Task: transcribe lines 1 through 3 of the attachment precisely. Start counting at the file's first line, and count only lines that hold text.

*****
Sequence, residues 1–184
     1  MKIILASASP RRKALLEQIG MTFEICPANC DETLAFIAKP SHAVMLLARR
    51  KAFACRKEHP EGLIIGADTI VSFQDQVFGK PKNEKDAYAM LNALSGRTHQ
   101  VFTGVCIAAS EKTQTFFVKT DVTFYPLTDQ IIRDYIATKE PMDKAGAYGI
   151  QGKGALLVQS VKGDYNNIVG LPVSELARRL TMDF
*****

Sequence, residues 1–184
     1  MKIILASASP RRKALLEQIG MTFEICPANC DETLAFIAKP SHAVMLLARR
    51  KAFACRKEHP EGLIIGADTI VSFQDQVFGK PKNEKDAYAM LNALSGRTHQ